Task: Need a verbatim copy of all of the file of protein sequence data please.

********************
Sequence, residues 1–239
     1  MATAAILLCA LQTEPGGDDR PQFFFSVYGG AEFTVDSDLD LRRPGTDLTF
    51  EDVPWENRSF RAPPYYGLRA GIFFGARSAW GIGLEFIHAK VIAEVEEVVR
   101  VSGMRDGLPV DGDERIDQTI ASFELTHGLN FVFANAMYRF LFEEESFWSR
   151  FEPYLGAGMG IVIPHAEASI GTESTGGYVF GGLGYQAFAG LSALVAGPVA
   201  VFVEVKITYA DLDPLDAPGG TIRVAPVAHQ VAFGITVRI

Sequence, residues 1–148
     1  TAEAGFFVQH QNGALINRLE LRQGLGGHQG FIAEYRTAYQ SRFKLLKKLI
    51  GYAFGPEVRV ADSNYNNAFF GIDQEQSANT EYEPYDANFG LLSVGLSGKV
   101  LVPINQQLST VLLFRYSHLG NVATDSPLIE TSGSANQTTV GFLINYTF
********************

Sequence, residues 1–239
     1  MATAAILLCA LQTEPGGDDR PQFFFSVYGG AEFTVDSDLD LRRPGTDLTF
    51  EDVPWENRSF RAPPYYGLRA GIFFGARSAW GIGLEFIHAK VIAEVEEVVR
   101  VSGMRDGLPV DGDERIDQTI ASFELTHGLN FVFANAMYRF LFEEESFWSR
   151  FEPYLGAGMG IVIPHAEASI GTESTGGYVF GGLGYQAFAG LSALVAGPVA
   201  VFVEVKITYA DLDPLDAPGG TIRVAPVAHQ VAFGITVRI

Sequence, residues 1–148
     1  TAEAGFFVQH QNGALINRLE LRQGLGGHQG FIAEYRTAYQ SRFKLLKKLI
    51  GYAFGPEVRV ADSNYNNAFF GIDQEQSANT EYEPYDANFG LLSVGLSGKV
   101  LVPINQQLST VLLFRYSHLG NVATDSPLIE TSGSANQTTV GFLINYTF